Under English common law, repudiatory breach is a breach of contract that is considered serious enough to give the innocent party a right to terminate and claim damages. However, the principle is often misunderstood and, as such, can have damaging consequences if incorrectly applied.
In order to be considered repudiatory, there must usually be a breach of a condition – a term that goes to the heart of the contract. Contracts can be open to interpretation if not tightly drafted, so it can be difficult to decide whether a term is a condition, making for a tricky a judgement call on whether it constitutes repudiatory breach – especially if there has not been an outright refusal to perform by the other party. If the contract is wrongly terminated, the innocent party may itself be in breach of contract.
Parties often try to eliminate this uncertainty by ensuring the contract identifies what constitutes a “material breach” and prescribing specific remedies, such as liquidated damages or termination. The contractual provisions can augment and override the common law, so even when parties describe a breach as “material”, it is not always repudiatory. This can have a significant effect on the type of damages that can be claimed, an issue explored further below.
Affirmation or termination?
If repudiatory breach is established, the innocent party has two choices. They can either end the contract (terminate), or let the other party know that they wish to continue (affirm) despite the breach. In either case, the innocent party can claim damages. Once a contract is affirmed, the right to terminate is irrevocably lost. On termination, the obligations of the innocent party will fall away, but until the exercise of the right to terminate is communicated to the other party, the innocent party must continue to perform its obligations, or may find itself in breach.
Timing is everything
The right to terminate must be exercised in a timely fashion. Any significant delay, or continuing conduct suggesting that the contract has been affirmed can inadvertently jeopardise the right to terminate. The recent Force India case, involving a Formula 1 team and its sponsors, reinforced this position by confirming that where time is of the essence, or where silence or inaction misleads the other party into thinking that the risk of termination has passed, the right to terminate will be lost.
The Courts will determine what constitutes a significant time between the breach arising and when termination is elected on a case by case basis. Whilst recent cases have recognised that a certain amount of “thinking time” should be permitted, it is still best for a party considering termination to act quickly and decisively to exercise that right. If there are ongoing discussions or negotiations that might delay the option, the innocent party should clearly “reserve its rights” – but even then, reserving them for too long will prejudice the right to terminate.
Contractual waiver clauses
Most commercial contracts have a boilerplate clause that states that no delay or failure to enforce the terms of the contract will waive a party’s ability to exercise such rights in future (i.e. a “no waiver” clause). In a key 2009 case, telecoms operator Tele2 claimed that despite the valid no waiver clause in the contract, the one year delay by the Post Office in exercising its right to terminate for breach constituted affirmation by conduct. The Court of Appeal agreed, placing greater value on the parties’ actual conduct than the terms of their written agreement. Although the circumstances of each case are unique (the Post Office gave no indication that it intended to terminate, and used the year-old breach as a pretext to end the contract) the judgment has called the effectiveness of such clauses into serious question.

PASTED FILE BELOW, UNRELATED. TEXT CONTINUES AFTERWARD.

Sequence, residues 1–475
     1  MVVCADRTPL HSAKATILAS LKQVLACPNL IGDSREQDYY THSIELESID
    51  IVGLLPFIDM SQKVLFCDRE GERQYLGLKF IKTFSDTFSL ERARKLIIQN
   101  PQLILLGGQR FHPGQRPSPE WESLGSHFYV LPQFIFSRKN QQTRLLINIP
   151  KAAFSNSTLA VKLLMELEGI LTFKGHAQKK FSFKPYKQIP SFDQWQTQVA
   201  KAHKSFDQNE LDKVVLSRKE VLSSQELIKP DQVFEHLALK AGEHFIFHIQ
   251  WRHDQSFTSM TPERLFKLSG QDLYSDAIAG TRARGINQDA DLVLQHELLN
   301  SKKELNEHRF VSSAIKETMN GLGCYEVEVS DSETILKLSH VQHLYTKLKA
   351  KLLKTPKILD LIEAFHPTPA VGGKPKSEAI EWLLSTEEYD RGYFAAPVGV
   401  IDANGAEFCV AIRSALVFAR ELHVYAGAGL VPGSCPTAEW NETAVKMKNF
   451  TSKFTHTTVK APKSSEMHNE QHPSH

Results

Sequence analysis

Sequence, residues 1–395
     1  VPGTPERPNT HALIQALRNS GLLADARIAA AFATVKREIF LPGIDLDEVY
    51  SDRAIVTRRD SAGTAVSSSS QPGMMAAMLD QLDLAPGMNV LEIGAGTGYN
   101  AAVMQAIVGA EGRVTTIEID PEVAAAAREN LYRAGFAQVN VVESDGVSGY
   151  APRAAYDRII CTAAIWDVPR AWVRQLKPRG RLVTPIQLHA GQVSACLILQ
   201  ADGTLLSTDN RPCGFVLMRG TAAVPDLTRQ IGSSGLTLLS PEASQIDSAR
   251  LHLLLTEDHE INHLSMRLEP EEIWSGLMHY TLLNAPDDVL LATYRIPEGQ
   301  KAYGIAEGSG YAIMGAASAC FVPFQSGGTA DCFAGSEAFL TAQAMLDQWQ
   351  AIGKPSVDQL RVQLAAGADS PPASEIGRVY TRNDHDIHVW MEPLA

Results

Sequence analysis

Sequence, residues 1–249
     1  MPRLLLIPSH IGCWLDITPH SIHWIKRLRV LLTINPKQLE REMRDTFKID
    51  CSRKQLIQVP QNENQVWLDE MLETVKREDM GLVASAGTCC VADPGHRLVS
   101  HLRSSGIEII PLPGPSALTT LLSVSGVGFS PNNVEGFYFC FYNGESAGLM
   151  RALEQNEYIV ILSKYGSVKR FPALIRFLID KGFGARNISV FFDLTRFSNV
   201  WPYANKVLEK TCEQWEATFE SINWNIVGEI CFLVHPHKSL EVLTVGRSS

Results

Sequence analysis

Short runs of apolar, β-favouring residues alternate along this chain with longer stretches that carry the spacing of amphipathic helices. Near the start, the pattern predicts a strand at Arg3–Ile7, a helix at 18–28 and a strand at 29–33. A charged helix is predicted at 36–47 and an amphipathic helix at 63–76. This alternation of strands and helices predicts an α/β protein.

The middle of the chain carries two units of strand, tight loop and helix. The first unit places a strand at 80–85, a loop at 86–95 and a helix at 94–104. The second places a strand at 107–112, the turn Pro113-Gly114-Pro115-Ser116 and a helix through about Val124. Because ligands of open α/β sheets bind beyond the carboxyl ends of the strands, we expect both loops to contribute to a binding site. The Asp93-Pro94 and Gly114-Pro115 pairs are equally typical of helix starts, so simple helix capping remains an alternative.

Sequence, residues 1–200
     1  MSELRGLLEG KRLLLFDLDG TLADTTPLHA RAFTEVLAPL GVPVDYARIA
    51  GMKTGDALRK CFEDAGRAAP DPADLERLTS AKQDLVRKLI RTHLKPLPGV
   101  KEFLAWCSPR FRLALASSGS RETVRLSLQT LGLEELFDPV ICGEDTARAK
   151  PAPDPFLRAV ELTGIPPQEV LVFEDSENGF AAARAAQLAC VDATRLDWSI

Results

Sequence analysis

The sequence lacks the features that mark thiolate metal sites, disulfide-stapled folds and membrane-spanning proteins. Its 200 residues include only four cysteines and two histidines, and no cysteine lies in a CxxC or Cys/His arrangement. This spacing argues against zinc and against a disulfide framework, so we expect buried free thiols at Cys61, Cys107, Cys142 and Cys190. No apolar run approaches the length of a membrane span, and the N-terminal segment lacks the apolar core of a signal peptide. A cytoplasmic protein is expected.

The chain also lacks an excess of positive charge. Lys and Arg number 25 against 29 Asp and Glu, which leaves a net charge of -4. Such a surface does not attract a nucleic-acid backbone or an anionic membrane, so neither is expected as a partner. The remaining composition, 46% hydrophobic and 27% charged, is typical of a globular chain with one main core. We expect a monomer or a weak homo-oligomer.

Get the damage right
The Shell case is a timely reminder that parties should carefully consider the process of termination as well. Shell relied on its contractual right to terminate, rather than clearly stating that termination was for repudiatory breach. The difference is crucial. Under the common law, Shell would have been entitled to damages for “loss of profits”, but under the contract, that right was specifically excluded – costing Shell the opportunity to recover 15 million US Dollars in investment costs.
Although recent case law has clarified the nature of repudiatory breach, whether or not a breach of contract will qualify is still very much a judgment call. As such, it should only be exercised after careful consideration (and preferably professional legal advice). Given the uncertainty, the innocent party may be better served by using the breach as leverage in settlement negotiations, especially if termination is not really an option for commercial or strategic reasons.
The law on repudiatory breach under English contract law can be summarised as follows: (a) it is a serious breach that gives the innocent party a right to terminate; (b) the innocent party has a choice to either affirm the contract or terminate it; (c) in either case, the innocent party can claim damages for loss of bargain; (d) the right to terminate must be exercised in a clear, unambiguous and timely fashion; (e) the contract can be inadvertently affirmed by conduct, silence, or significant delay; and (f) affirmation is irrevocable.